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DNA memory for mass storage of digital data
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Journal of Material Sciences & Engineering

ISSN: 2169-0022

Open Access

DNA memory for mass storage of digital data


4th International Conference and Exhibition on Materials Science & Engineering

September 14-16, 2015 Orlando, USA

R Zadegan and W Hughes

Boise State University, USA

Posters-Accepted Abstracts: J Material Sci Eng

Abstract :

With the current growth of digital media, projected refined silicon supply for the year 2040 cannot satisfy the semiconductor industry needs and this result in a big shortage of memory materials. Our calculations suggest that worldwide data storage needs will exceed 3├?┬?1024 bits by 2040 (~2 yottabyte or two billiard gigabytes), whereas with the current rate of silicon-based memory growth, only ~2% of that capacity will be achieved. Scaling and energetics of information storage materials are the major concerns of semiconductor industry. Therefore finding alternative sources for information storage is critical. DNA molecules are known to carry information of life by encoding/decoding the life pathways. Nucleic acids are plentiful, recyclable, dense and their operation energy is very low and thus the DNA memory is a cost effective emerging technology. According to our calculations only 1 kilogram of DNA satisfies the storage needs of year 2040. If stored in silicon based memory, such amount of information should be stored in about 5 billion kilograms of silicon. One other advantage of DNA memory is the long retention time of information comparing to current memory materials. Current digital information storage media have short information retention time of less than a century. DNA is a material that encodes information with a quaternary code of A, T, C and G. According to our calculations DNA memory has volumetric density of 103 times greater and energy of operation 107 times less than flash memory that is the industry standard. Reading and writing of arbitrary digital formats is being enabled by the rapid progress in DNA synthesis and sequencing. This study is in pursuit of non-biological and non-volatile DNA memory applications.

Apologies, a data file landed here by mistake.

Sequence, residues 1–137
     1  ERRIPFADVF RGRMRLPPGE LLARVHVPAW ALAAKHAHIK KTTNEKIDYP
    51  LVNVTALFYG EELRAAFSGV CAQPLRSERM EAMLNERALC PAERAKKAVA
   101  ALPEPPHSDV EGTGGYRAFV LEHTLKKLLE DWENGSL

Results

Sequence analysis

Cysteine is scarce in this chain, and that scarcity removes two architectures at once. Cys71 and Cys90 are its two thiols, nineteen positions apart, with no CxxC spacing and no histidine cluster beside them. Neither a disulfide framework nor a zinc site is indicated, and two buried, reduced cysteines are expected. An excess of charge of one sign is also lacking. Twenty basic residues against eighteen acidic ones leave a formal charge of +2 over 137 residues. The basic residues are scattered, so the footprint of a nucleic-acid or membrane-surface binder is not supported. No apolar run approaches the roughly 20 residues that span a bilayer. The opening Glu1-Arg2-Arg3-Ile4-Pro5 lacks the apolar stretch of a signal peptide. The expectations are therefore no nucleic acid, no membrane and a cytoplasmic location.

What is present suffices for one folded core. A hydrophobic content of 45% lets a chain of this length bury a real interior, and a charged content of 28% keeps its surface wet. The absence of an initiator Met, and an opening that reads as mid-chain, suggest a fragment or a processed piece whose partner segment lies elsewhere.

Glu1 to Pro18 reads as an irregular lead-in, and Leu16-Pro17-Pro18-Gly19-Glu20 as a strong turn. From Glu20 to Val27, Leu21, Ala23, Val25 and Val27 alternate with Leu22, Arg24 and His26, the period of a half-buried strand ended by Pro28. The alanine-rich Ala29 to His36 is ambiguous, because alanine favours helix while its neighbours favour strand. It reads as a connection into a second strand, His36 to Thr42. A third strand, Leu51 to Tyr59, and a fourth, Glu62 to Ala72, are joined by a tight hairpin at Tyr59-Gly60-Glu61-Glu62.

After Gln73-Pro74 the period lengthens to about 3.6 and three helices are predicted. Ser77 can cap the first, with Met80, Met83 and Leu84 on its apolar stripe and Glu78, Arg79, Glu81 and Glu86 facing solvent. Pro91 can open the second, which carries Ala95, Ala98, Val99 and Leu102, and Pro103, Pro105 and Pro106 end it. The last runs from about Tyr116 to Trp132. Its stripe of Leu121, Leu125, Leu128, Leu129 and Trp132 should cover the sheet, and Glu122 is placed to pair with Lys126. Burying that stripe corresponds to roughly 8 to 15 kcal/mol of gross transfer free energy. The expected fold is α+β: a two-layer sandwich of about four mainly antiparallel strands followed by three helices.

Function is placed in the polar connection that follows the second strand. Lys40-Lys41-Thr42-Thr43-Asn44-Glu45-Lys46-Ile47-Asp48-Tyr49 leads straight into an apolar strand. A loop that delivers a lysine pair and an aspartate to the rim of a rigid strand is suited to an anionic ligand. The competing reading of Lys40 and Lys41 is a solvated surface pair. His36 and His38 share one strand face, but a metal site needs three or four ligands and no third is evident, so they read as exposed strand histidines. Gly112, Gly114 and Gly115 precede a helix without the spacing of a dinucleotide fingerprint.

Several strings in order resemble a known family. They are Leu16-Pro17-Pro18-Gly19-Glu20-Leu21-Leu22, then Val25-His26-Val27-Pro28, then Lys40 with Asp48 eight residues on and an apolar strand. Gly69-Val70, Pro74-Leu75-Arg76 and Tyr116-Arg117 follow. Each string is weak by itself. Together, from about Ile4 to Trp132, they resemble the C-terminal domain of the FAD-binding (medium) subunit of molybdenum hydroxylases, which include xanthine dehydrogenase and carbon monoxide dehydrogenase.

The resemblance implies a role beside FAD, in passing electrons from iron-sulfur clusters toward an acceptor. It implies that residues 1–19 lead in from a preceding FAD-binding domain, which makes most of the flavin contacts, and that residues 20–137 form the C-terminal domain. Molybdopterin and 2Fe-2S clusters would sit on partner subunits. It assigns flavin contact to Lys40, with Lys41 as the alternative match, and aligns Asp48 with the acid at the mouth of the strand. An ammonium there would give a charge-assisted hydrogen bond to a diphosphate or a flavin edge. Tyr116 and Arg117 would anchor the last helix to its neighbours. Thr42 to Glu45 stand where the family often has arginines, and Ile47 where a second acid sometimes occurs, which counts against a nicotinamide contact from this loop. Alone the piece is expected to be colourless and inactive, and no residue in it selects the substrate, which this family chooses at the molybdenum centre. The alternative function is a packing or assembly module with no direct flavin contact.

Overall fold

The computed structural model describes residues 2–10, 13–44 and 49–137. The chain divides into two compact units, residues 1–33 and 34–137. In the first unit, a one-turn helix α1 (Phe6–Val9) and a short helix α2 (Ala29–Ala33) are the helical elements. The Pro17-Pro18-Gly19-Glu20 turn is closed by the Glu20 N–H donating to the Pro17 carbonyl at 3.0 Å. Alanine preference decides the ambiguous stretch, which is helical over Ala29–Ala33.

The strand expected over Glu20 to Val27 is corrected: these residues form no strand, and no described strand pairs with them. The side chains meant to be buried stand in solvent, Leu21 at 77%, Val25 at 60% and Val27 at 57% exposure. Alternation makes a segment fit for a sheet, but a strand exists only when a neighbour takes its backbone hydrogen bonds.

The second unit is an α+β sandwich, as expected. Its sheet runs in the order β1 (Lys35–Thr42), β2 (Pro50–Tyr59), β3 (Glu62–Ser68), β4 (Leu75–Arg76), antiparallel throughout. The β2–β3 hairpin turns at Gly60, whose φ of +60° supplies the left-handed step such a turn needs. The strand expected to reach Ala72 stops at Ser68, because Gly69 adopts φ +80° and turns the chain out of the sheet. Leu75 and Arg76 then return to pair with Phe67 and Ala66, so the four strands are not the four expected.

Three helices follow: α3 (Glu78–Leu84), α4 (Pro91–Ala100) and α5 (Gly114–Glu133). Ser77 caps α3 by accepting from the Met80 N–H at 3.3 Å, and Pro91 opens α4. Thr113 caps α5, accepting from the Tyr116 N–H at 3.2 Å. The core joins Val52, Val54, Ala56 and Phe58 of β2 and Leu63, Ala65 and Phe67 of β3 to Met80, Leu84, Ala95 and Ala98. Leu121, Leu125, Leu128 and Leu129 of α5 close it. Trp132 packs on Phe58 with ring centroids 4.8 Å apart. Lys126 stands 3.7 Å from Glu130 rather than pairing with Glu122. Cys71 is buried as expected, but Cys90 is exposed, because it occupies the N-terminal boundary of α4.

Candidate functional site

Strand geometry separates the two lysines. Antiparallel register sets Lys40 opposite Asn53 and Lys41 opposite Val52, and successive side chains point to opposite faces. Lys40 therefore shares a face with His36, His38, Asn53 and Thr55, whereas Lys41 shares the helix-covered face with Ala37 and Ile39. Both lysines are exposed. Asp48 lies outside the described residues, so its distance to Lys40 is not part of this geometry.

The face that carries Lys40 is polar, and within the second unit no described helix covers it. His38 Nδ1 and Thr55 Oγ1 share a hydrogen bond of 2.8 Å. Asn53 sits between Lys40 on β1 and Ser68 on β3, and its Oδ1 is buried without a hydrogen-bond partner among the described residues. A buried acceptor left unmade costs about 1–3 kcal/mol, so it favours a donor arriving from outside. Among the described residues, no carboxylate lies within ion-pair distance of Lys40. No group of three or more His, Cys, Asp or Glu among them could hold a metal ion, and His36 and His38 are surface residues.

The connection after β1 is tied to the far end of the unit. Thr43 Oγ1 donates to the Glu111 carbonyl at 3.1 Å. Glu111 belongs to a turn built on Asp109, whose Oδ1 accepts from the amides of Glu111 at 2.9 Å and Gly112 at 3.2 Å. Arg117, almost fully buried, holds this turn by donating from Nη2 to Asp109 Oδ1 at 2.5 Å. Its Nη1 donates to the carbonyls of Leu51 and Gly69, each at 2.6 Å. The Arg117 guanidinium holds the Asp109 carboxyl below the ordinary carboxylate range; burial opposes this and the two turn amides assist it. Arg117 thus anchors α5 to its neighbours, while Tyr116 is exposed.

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Citations: 3677

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